A Letter from the CEO: Making the Workforce More Inclusive

For nearly 50 years, the National Center for Learning Disabilities has advocated for children and young adults with learning disabilities and attention issues. As we’ve uncovered more data and evolved our mission and programming, we have found ourselves in the midst of a great opportunity. Many young advocates from our Young Adult Leadership Council have transitioned from high school to college. They are now entering the workforce, helping us better understand the need for a more inclusive workplace.

Our preliminary research indicates that individuals with disabilities are underrepresented in today’s workforce, and there is limited information about the employment-to-population ratio for workers with learning disabilities. While access to employment is essential for economic survival, it is equally important to create conditions that enable people with learning disabilities to thrive in the workforce. This includes providing opportunities and support to foster a hopeful and purposeful future.

Earlier this year, we launched a steering committee composed of advocates, employment experts, researchers, and other champions to explore how to remove barriers for youth and adults in the workforce. The steering committee and parallel landscape analyses concluded that NCLD has a role in bridging the divide between employees and employers and filling gaps to support workers with learning disabilities.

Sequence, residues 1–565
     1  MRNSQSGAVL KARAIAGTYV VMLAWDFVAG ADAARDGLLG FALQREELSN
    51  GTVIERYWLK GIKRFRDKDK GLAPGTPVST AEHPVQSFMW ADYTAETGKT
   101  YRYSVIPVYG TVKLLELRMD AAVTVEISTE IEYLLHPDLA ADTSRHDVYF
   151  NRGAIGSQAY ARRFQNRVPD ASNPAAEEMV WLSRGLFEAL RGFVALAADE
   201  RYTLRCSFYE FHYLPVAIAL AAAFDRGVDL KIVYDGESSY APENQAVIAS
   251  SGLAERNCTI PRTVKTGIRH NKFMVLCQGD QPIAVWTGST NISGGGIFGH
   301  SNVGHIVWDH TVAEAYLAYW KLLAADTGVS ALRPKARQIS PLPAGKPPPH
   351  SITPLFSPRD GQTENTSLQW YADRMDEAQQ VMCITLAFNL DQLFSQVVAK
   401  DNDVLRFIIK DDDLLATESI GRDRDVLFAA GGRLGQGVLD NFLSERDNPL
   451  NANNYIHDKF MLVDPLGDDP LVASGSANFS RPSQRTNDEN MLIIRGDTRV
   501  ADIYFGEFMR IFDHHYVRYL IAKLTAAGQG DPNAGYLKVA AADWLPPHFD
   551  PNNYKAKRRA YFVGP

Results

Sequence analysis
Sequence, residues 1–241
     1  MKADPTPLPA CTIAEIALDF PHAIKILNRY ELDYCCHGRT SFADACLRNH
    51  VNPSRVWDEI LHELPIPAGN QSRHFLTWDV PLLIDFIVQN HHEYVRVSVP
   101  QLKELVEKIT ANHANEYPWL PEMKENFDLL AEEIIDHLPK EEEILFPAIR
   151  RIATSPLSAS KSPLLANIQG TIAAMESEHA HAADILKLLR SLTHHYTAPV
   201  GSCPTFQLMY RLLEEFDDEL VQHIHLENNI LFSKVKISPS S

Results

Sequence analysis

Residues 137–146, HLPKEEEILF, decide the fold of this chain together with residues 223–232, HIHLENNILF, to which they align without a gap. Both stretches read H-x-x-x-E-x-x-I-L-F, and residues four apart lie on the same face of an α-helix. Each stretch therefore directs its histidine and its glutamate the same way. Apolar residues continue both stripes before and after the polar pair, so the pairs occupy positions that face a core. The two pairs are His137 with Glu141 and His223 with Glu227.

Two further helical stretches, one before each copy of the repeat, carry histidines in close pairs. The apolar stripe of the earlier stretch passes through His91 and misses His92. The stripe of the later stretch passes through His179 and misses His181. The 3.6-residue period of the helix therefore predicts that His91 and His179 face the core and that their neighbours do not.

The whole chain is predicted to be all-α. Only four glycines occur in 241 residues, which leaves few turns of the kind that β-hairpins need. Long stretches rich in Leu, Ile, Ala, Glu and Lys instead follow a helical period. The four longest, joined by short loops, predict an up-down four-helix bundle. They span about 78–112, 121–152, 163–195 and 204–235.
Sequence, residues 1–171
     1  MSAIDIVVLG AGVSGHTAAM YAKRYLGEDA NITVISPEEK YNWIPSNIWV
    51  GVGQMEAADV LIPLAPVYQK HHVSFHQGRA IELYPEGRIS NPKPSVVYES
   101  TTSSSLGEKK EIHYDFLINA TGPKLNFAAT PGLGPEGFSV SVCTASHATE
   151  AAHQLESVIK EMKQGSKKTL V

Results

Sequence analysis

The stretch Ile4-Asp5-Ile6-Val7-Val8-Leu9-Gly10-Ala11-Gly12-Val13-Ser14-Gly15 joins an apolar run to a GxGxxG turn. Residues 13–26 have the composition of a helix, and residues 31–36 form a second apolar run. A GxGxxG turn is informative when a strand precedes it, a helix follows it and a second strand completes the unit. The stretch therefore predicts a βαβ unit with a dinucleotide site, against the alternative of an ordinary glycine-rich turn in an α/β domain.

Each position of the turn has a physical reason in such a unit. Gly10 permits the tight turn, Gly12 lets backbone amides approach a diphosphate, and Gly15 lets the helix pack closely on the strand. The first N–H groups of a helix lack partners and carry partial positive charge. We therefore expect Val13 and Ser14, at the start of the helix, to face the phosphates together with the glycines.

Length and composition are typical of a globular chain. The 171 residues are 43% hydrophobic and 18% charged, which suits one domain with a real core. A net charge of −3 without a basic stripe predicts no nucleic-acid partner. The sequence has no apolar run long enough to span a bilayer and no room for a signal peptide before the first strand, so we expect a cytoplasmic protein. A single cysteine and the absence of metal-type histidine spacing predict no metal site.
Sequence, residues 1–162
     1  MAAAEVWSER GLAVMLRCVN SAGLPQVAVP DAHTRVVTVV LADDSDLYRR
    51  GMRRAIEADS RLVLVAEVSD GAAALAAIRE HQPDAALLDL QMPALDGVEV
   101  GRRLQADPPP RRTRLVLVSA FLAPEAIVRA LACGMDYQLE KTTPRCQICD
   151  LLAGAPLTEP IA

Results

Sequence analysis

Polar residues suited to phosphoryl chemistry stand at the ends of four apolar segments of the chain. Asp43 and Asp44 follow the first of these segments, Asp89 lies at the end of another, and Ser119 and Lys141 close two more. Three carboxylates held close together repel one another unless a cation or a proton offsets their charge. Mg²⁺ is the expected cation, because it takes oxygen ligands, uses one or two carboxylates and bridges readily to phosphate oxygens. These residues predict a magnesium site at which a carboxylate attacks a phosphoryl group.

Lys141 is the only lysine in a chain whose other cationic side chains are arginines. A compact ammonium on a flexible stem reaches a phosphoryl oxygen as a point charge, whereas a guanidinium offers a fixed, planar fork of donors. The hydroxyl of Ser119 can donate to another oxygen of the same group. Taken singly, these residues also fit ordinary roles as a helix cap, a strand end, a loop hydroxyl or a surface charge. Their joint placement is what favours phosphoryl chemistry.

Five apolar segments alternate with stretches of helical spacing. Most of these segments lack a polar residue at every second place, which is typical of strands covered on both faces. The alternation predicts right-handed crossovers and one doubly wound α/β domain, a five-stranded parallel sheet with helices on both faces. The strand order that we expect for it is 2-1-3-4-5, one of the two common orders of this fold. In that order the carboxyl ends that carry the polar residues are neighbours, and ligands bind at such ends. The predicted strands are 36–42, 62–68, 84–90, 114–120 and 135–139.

We see enormous opportunity and work ahead of us, but we seek to remain grounded in four key principles: 

  1. Clear identification of employment and workforce barriers and challenges is essential to create equitable and lasting organizational and public policy solutions for more inclusive workplaces to develop greater economic security for people with learning disabilities.
  2. Research and data allow clear articulation of the questions and gaps between employees and employers, and a solid, evidence-based foundation to develop and release tools and resources to address such gaps.
  3. Workforce and employment engagement requires cross-sector and coalition work. Bridge-building between employers and employees through resources, toolkits, and easy to understand and implement materials is a key to success and support.
  4. Companies with more inclusive workforces are more successful. Creating opportunities to support transitioning youth entering the workforce, training employers to embrace and support employees (beyond the floor of the ADA), and developing cultures of belonging.

Although just getting started, we have already found incredible allies and advisors among those who participated in the steering committee, Kim Knackstedt of Unlock Access LLC, the research teams at WestEd and Harvard Graduate School of Education, who are supporting research projects that will produce novel data on workforce development and employment experiences of people with LD. Members of the NCLD team will be attending the 2024 Disability:IN conference, also coined “the Global Corporate Disability Inclusion Event of the Year,” in Las Vegas in July to connect further with employers and advocates committed to neurodiversity-focused hiring initiatives. If you’ll be there, say hi to Nick Boerum, our director of development, and Nicole Fuller, our policy manager!

This work is not easy, but it is necessary. Over the years, we’ve often found ourselves having to carve out a space for our voices to be heard in policy discussions. This time, we understand that creating lasting change will require both “big P” Policy and “little P” policy. Our goal is to improve workforce development and make employment more inclusive for people with learning disabilities.